I might have had a long cry on the floor in the shower one night because I just needed to get it all out of my body. And I did drive home from set one time after a long emotional day and I learned the lesson not to do that because I was not in the right frame of my mind. Your body doesn’t know that you haven’t really gone through a trauma, it doesn’t know the difference between acting and life. I would just go home and try to watch something a little comedic or I’m big into music, so I went into a Frank Sinatra mode during that time because it makes my soul happy. It helped me get out of it, physically.
“I might have had a long cry on the floor in the shower one night because I just needed to get it all out of my body.”
What was the first horror film that didn’t let you sleep at night?
“The Exorcist” freaked me out so bad, the whole devil thing horrified me. It freaked me out and so did “The Shining”. When I watched “The Exorcist” and then went to bed, my older brothers were hiding in my bedroom, one was in the closet and one was under my bed, so when I went to bed, my closet door started shaking and my bed started elevating. I was so scared I couldn’t even scream, I couldn’t move, no joke, and I’m embarrassed to say this, but for a decade after that, I looked under my bed every night before I went to sleep.
What’s a fear that you have, and you haven’t told anyone yet? Can you tell us about it?
It’s so stupid, but it’s my true answer, which is that even though I know my kids, know that I love them more than anyone else on the planet, I’m afraid that, somehow, they still don’t get it, because they couldn’t possibly comprehend it. They both think that I love the other one more, which I guess is in a way good, but I’m not afraid that my kids don’t know I love them, I guess I just want them to every day understand that they are my world and I think that they do, because early on in my career I made choices to be at home and not work, if you look at my IMDB page, I worked and then I didn’t for two years. I shot an episode of “Law and Order SVU” last year and one of the cast members said: “Why are you working so much now?” and I said, “That’s because my kids moved out of home.” It’s late in life to be focusing on a career when so many people say that there are no roles for actresses that are 40, but I think that now is also a great time to be an actress, and think I’ve proven to my kids that they were my focus.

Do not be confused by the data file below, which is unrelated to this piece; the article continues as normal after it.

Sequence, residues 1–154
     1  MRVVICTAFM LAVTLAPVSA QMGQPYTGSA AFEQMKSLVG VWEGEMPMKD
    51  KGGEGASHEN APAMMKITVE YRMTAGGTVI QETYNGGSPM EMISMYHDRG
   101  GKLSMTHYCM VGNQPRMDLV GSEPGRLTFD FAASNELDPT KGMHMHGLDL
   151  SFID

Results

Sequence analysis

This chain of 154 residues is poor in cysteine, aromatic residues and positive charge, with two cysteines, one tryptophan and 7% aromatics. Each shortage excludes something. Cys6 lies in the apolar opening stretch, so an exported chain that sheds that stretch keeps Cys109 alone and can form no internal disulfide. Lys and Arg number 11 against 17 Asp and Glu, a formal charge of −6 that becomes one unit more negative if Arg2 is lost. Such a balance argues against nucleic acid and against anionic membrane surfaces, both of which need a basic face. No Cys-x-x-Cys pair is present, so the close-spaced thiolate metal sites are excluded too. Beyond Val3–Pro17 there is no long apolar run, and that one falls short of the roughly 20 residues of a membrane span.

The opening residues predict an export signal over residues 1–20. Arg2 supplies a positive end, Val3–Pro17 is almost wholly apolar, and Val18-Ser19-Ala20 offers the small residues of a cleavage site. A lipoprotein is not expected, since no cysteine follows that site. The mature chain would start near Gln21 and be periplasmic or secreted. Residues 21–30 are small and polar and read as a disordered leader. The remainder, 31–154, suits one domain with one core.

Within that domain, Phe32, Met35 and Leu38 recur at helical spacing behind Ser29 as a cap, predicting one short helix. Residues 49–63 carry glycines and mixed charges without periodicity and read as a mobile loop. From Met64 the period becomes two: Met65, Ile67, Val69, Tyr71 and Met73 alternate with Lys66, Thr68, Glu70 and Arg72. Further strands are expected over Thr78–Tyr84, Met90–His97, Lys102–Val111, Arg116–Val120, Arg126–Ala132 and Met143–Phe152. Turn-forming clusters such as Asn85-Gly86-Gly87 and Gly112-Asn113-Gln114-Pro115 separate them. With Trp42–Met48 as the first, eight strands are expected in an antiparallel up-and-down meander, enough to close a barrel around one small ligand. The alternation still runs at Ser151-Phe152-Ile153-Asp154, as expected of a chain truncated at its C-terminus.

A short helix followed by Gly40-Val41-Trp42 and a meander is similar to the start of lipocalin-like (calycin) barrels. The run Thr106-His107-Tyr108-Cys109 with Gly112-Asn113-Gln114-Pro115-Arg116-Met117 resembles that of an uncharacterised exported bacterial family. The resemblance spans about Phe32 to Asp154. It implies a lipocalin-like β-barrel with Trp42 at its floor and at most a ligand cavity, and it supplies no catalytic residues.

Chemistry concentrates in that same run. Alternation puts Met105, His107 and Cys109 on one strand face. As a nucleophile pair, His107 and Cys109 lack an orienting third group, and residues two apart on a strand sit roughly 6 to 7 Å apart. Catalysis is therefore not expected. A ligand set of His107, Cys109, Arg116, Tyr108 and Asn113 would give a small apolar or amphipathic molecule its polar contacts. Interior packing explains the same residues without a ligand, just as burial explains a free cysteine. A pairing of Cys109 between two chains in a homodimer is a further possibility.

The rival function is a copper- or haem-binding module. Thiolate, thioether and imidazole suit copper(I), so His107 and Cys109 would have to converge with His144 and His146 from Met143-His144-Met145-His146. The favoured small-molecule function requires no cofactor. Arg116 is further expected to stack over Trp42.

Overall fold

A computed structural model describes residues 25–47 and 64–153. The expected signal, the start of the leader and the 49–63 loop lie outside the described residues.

A spooky character that you would like to play, one that already exists or that still has to be played?
I don’t think that I could ever want a better character than Fiona, in the sense that it’s definitely spooky, but it also has the psychological aspect.
What’s a genre you would like to do next?
What I’ve never done, and I would want to do, is a comedy. I’ve never had a comedic audition, but I would love to. Part of that is because, ironically, I love drama and I think for comedy to be really funny you have to base it from the serious, you have to play it real.
Your guilty pleasure film?
I’ve seen “Dangerous Liaisons” 37 times, 17 times were in the theater. It’s such a good film that I can’t even call it guilty, but it’s a little crazy that I paid 17 times to see a movie, right? So, it’s not guilty in the sense that people shouldn’t love it, it’s just ridiculous that I paid that much to see it. Wait, there’s actually a movie… it’s such a bad movie and it’s so embarrassing, but I love the woman [Dee Wallace] that’s in it, it’s “Cujo” [laughs] and it’s not even something that I still want to watch, but the actress in that is so good. I made my kids watch “The Exorcist” and they thought it was good, and then I made them watch “Cujo” and they were like “okay, now you’ve lost us, we don’t want to see any other movie from the 80s, this is so bad!”
“I’ve seen ‘Dangerous Liaisons’ 37 times, 17 times were in the theater.”
An epic fail on the job?
There are so many auditions I walked out of and thought “why did I do that? Why didn’t I do that? I wish I could do that again,” so I would say there are some auditions I would like to beat myself up over. Actually, on the job, I had food poisoning and I was really sick right before the play and it was off-Broadway, so I didn’t have an understudy and the director was so kind, he was like: “we’ll just not do the play tonight,” but I said, “no we have to do the play tonight because people bought tickets.” I had placed buckets on either side of the stage and I had said to my cast, “if I get up and vomit during the play, people do that sometimes, in their real life, my character might do that, so just roll with it.”
What’s your must-have on set?
Protein, because I’ve done a lot of independent films and they save money on the catering, so they just give you… bread [laughs]. Other than that, water, I drink a lot of water, so that’s the one thing.
What can you tell us about your upcoming projects?
Well, there’s this movie called “The Grudge…” [laughs].
There’s a movie that I’ve just finished called “Blackjack: The Jackie Ryan Story” and it’s about the number one white street baller, his name is Jackie Ryan and he was a New York guy. Then something that never happens happened: when he was going towards his late twenties he got asked to try out for the Nets. When someone saw him playing at West Fourth, where there’s a very famous basketball court. The movie is about his life and I play his mom, I was so excited when I got the part because I got to be aged for the film, the main character was 28 in the film, so I got to be aged and I loved that, I love disappearing into a character. The cast was great, Greg Finley plays Jackie Ryan and he’s this up-and-coming guy and people are going to love him, he’s such a good actor and basketball player. Ashley Green is also in it, David Arquette, who played my husband and our director Danny [Abeckaser].
What’s your favorite sports film?
I’m a fan of “Friday Night Lights,” because I love Kyle Chandler so much, he’s such a fine actor, and there’s also “Any Given Sunday,” with that speech that I’ve watched and used to enhance my kids.